There are only two ways to reduce health care spending in the USA.  One is to restrict and ration availability.  The other is to allow free market competition and make providers compete for customers based on what they are able to pay.  So far, we haven’t made either choice, and it will be business as usual for total national health care spending growth.  Well, there is a third option: Healthy living.  And I’m guessing that having to pay for our own health care might tend to motivate healthier living. 

Now, just for fun, please read this little except from the Affordable Care Act.

‘‘(A) REQUIREMENT.—Beginning not later than January
1, 2011, a health insurance issuer offering group or individual
health insurance coverage (including a grandfathered
health plan) shall, with respect to each plan year,
provide an annual rebate to each enrollee under such coverage,
on a pro rata basis, if the ratio of the amount of premium
revenue expended by the issuer on costs described
in paragraphs (1) and (2) of subsection (a) to the total
amount of premium revenue (excluding Federal and State
taxes and licensing or regulatory fees and after accounting
for payments or receipts for risk adjustment, risk corridors,
and reinsurance under sections 1341, 1342, and
1343 of the Patient Protection and Affordable Care Act) for
the plan year (except as provided in subparagraph (B)(ii)),
is less than—
‘‘(i) with respect to a health insurance issuer offering
coverage in the large group market, 85 percent, or
such higher percentage as a State may by regulation
determine; or
‘‘(ii) with respect to a health insurance issuer offering
coverage in the small group market or in the individual
market, 80 percent, or such higher percentage
as a State may by regulation determine, except that
the Secretary may adjust such percentage with respect
to a State if the Secretary determines that the application
of such 80 percent may destabilize the individual
market in such State.

Note the ominous phrase, “…the Secretary may…”  It occurs 390 times in the Affordable Care Act. 


  1. insurance companies in the current working exchanges are competing with each other based on coverage and price. A friend of mine here in FL chose a major insurance company (BCBS) and paid $1000.00 less than anyone else for basically the same coverage. There is definitely competition even though you continually assert that there. is not..

    1. Well, for Medicare at least, there is certainly competition based on the amount of mail I get, part of their overhead, from certain companies wanting me to change to their plans. But they all have to provide the same benefits, don't they? Size will normally win just because of the economies of scale. I guess BCBS is very big in Florida and may eventually crowd everybody else out and enjoy the 15% gross margin without much of a struggle. It is what I would suggest if responsible for their strategy. From their website: "Florida Blue has approximately 4 million health care members and serves 15.5 million people in 16 states through its affiliated companies." I use BC/BS of SC for Medigap. I wonder if it is considered an "affiliated company." For the ACA, I think coverage is always the same, dictated by the act, though copays and deductibles and maximum out of pocket may vary within a very narrow range given the big picture of the possibility of hundreds of thousands of dollars of medical expense in some cases.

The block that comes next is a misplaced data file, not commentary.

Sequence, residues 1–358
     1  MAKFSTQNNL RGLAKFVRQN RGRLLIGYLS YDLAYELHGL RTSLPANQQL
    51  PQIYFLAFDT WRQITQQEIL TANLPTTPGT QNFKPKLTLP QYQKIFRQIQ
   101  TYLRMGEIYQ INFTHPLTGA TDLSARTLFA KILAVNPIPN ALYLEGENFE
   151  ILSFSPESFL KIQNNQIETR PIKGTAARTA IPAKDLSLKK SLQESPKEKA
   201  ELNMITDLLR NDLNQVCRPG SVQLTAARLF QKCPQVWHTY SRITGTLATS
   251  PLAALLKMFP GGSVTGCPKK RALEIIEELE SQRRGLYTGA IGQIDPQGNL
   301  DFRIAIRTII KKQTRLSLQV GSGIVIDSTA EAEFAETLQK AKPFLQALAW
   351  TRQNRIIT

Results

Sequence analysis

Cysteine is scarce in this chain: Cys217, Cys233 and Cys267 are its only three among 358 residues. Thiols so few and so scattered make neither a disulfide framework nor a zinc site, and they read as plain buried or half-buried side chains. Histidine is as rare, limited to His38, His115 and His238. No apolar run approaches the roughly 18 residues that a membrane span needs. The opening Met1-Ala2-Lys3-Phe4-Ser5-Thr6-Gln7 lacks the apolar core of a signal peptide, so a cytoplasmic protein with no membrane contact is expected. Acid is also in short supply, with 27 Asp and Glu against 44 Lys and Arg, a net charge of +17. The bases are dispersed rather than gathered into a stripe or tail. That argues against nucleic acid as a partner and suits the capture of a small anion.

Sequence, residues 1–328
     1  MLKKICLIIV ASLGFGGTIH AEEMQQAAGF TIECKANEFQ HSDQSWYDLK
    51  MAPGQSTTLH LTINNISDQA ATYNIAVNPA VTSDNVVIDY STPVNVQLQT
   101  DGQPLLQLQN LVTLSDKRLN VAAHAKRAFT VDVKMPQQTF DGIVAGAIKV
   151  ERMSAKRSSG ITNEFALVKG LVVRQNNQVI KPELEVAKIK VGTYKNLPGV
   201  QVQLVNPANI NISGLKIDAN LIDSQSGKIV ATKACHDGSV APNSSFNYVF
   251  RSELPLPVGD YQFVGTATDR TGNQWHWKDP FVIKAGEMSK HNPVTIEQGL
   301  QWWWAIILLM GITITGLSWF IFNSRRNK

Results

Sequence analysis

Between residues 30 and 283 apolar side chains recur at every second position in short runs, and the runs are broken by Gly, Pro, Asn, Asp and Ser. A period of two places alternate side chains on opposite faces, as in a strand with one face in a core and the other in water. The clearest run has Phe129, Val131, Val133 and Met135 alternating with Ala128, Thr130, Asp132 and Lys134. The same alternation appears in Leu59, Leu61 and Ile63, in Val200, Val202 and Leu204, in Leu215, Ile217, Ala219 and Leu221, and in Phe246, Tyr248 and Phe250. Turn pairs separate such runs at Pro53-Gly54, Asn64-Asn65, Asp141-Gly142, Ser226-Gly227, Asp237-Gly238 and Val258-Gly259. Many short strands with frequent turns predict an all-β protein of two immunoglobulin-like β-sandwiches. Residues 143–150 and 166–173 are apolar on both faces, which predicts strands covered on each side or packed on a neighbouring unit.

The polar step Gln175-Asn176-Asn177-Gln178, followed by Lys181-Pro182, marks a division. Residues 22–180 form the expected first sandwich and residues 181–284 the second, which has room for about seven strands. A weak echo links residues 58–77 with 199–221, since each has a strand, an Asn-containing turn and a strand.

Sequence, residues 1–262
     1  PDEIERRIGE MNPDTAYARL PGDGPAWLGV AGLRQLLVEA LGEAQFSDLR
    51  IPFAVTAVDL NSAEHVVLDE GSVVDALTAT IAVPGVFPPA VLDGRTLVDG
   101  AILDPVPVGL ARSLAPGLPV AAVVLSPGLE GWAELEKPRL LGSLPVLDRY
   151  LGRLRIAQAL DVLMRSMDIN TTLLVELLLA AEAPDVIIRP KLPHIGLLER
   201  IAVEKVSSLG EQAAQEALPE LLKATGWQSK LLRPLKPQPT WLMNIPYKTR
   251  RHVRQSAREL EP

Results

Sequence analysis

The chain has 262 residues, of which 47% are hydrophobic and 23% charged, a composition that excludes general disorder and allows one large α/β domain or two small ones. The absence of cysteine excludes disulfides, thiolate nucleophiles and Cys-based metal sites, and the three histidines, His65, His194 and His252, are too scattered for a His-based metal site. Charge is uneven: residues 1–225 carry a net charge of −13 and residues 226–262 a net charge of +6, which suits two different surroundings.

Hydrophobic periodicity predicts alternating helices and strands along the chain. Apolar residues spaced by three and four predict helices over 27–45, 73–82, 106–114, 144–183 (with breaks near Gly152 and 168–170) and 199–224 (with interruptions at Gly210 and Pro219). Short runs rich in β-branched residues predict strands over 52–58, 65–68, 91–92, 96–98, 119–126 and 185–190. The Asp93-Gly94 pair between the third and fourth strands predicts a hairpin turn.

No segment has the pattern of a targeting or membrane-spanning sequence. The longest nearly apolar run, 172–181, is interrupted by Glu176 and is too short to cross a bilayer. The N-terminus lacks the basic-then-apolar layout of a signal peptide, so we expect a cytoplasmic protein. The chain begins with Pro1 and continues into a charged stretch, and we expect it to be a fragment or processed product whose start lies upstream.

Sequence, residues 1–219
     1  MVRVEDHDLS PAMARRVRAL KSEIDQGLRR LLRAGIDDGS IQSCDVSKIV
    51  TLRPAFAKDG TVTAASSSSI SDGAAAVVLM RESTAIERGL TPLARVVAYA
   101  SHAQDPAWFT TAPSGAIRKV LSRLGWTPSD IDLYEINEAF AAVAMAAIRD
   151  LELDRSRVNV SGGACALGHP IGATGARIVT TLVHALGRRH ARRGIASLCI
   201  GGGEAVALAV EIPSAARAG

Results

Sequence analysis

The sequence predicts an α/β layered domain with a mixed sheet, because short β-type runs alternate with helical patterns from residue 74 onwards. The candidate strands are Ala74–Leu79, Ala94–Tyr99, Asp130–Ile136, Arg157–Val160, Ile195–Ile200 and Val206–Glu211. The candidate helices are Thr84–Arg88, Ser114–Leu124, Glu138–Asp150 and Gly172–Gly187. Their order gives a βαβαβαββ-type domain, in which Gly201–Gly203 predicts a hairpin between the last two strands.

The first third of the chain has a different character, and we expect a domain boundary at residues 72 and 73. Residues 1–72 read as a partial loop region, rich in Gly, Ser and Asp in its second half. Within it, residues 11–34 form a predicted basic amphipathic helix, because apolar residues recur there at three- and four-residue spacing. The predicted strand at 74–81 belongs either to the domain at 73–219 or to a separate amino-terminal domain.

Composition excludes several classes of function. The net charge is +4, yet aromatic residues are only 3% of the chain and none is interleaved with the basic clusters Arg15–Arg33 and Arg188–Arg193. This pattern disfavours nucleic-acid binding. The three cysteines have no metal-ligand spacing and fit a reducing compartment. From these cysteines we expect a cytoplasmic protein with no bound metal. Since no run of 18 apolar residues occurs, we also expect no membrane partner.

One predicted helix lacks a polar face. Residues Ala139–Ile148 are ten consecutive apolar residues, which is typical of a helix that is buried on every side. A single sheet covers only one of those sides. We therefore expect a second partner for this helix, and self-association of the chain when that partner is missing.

2. There is competition. My son enjoyed a virtual bevy of choices, and though the basic coverage was similar, the deductibles and lifetime limits varied quire a bit - a few versus many thousands. The coverage payouts also vary depending on the color of the plan. The margins based on premiums is essentially limited to 15% but you can compete by offering policies at lower margins or offering better services for the same margins. You cannot just charge whatever you want to increase profits you will be restrained by the price competition. Profit margins for health insurance companies are currently in the low single digits without the ACA. I have seen folks, it seems always on Fox, that claim their premiums are now going through the roof due to the ACA. My anecdotal experience, with people I know and trust, have told me that the ACA is working great for them. My niece nor her husband had employer based insurance, my son is a new small businessman, and my friend alluded to above is retired (he sold his business) but is not old enough for Medicare. He did receive a cancellation letter but was able to obtain a much better policy. It seems to me that part of the problem now is that the ACA opposition is not interested in improving the system and making the ACA work, and that they never have had an alternative except to let things go as they are. The progressives would have preferred a single payer, or even a public option, but they accepted the Heritage Foundation/Romneycare basics- they did compromise- all to no avail. The Ryan Medicare proposal without going into detail has the same "exchange" principle as well.